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Connecting communities and histories: capturing the proud heritage of Jewish social and economic contributions to the UK

Connecting communities and histories: capturing the proud heritage of Jewish social and economic contributions to the UK

Steven Frank and his brothers in Amsterdam - shared with permission of Steven Frank with The National Lottery

The National Lottery

3 min read Partner content

Thanks to players of The National Lottery, £30 million is raised for Good Causes every week, funding projects like “Connecting Small Histories” and helping communities come together across the UK.

Holocaust Memorial Day takes place on 27th January each year - the anniversary of the liberation of Auschwitz-Birkenau.

The day remembers the six million Jews murdered during the Holocaust alongside millions of others killed under Nazi persecution and in genocides that followed, including in Cambodia, Rwanda, Bosnia and Darfur.

National Lottery funding is used to support a wide range of communities across the UK to champion issues of importance.

One such group is the Jewish Small Communities Network (JSCN) who have received National Lottery funding for a project called “Connecting Small Histories” to record and capture the proud heritage of Jewish social and economic contributions to their towns, and to connect them to the wider history of Britain.

One of JSCN’s volunteer researchers, Anne Krisman Goldstein, uncovered a story of a Dutch family living in Eastbourne. What initially started as research into musicians at Eastbourne’s Grand Hotel led to a poignant story of a Dutch Jewish family.

The hotel’s first musical director in 1903 was Simon Van Lier.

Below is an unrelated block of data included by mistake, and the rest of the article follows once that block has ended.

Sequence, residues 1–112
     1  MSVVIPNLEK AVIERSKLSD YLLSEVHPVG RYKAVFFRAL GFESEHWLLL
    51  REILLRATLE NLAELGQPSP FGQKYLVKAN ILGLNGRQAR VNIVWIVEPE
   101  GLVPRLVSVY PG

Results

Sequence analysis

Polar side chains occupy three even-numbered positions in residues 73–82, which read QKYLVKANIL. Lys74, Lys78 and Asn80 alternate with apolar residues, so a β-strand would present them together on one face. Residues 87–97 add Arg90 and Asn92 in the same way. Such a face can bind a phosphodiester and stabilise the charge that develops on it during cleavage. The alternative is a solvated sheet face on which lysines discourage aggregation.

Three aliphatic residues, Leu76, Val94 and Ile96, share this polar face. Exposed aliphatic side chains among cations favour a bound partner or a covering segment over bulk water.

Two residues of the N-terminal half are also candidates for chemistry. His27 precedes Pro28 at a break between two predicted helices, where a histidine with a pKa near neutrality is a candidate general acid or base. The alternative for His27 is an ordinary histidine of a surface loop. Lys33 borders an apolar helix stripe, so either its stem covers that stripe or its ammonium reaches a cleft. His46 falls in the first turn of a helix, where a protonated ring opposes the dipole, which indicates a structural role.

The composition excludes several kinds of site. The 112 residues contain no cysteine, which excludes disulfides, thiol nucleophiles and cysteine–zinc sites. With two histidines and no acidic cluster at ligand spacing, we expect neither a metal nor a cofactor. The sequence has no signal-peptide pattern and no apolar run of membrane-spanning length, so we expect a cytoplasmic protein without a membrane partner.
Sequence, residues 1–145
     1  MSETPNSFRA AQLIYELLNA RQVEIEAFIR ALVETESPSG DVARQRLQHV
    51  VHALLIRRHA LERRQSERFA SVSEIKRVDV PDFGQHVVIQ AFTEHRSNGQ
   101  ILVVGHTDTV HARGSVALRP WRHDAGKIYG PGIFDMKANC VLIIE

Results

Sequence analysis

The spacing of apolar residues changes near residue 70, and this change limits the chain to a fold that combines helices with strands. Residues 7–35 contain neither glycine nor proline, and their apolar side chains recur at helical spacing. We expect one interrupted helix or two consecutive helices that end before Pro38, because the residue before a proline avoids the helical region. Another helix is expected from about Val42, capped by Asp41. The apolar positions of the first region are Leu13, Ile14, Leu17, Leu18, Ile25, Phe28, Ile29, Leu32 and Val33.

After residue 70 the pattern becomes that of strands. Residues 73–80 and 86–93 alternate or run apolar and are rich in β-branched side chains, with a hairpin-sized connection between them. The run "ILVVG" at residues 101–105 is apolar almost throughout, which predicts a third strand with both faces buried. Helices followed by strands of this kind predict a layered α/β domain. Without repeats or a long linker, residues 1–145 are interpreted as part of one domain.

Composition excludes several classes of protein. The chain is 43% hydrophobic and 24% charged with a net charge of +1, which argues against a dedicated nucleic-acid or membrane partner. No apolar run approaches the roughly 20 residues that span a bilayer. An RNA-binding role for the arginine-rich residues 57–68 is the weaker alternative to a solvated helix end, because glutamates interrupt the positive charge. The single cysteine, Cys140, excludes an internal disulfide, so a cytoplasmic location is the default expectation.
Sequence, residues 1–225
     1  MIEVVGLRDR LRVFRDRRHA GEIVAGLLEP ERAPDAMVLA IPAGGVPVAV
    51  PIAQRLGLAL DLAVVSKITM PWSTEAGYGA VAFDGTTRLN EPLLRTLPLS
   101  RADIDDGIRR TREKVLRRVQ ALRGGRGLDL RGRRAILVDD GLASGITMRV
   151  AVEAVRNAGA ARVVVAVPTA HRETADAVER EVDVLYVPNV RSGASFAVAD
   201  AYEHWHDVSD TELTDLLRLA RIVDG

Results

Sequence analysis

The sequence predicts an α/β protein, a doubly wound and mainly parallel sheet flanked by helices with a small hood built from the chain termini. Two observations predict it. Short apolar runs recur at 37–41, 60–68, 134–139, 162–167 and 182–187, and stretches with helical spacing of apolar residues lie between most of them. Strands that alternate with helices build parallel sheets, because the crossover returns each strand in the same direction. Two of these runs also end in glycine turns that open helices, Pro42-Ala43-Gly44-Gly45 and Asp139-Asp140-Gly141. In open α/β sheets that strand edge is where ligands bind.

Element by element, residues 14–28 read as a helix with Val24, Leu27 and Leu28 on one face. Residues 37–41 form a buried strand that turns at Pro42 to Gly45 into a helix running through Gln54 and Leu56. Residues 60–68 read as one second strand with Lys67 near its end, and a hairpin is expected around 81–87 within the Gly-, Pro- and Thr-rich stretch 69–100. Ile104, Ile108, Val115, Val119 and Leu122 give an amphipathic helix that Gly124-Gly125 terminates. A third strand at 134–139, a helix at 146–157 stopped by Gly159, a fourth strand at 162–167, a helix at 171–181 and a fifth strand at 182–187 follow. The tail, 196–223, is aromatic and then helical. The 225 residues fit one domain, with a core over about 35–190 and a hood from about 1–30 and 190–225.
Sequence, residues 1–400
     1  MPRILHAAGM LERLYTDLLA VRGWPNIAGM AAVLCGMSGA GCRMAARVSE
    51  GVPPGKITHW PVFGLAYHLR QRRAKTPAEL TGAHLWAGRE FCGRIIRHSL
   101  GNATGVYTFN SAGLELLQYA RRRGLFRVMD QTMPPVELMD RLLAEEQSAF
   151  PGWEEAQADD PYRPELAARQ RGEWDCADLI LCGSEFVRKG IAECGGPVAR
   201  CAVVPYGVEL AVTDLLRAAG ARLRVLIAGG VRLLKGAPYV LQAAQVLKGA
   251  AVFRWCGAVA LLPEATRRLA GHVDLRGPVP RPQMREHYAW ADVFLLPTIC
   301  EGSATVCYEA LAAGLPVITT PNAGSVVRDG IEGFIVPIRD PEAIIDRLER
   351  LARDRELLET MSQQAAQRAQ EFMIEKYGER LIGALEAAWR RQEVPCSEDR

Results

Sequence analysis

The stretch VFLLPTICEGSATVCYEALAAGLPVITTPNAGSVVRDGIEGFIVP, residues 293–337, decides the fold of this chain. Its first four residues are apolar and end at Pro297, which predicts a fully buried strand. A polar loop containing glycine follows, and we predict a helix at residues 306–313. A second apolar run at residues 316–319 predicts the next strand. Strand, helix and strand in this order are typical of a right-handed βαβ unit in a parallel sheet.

Ms Goldstein found that Simon’s wife, Flora, one of their daughters and a son-in-law, Leonard, who all lived in the Netherlands, had been murdered at Auschwitz.

Simon Van Lier’s British grandson is Steven Frank, a child survivor of Theresienstadt (Terezín) concentration camp. 

Steven was five years old when his hometown of Amsterdam came under Nazi occupation. His father, Leonard David Frank, was a lawyer and helped the Dutch Resistance to hide Jews, at times even in his own home. He arranged papers for them to escape to Switzerland via France.

Leonard could have fled to England but he was the legal member of a board that governed a Jewish mental hospital and did not want to leave his vulnerable patients behind. Sadly, Leonard was betrayed and arrested in late 1942.

Thanks to players of The National Lottery, £30 million is raised for Good Causes every week, funding projects like “Connecting Small Histories” and helping communities come together across the UK.

After the brave intervention of three of Leonard’s colleagues, Steven’s mother, Beatrix, who was English, and her children were placed on the Barneveld List – 700 prominent Dutch Jews who were kept in De Schaffelaar Castle instead of being sent to concentration camps.

With great ingenuity and bravery, Beatrix dressed as a male cleaner to get inside the prison where her husband was kept and tortured and was able to speak to him.

Sadly, Leonard was killed at Auschwitz on 21st January 1943.

Beatrix and her three sons were deported by cattle truck to Theresienstadt concentration camp in September 1944. When they arrived – after a horrendous 39-hour journey – she volunteered to work in the camp’s hospital laundry, aware it was one of the only places with hot water.

She washed her sons’ clothes in secret to prevent them from succumbing to typhoid, feeding them crumbs made into a paste to stave off hunger.

The family survived and were liberated by the Red Army. After a month recovering with the Red Cross, they flew to London with the RAF where she was reunited with her father, Simon.

Beatrix lost her husband, her mother and her sister at Auschwitz. And of the 15,000 children sent to Theresienstadt, just 93 survived, including Frank and his two brothers.

Frank has received the British Empire Medal for services to Holocaust Education, something that is commemorated through the National Lottery-funded JSCN.

Thanks to players of The National Lottery, £30 million is raised for Good Causes every week, funding projects like “Connecting Small Histories” and helping communities come together across the UK.

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Partner content
Connecting Communities

Connecting Communities is an initiative aimed at empowering and strengthening community ties across the UK. Launched in partnership with The National Lottery, it aims to promote dialogue and support Parliamentarians working to nurture a more connected society.

Find out more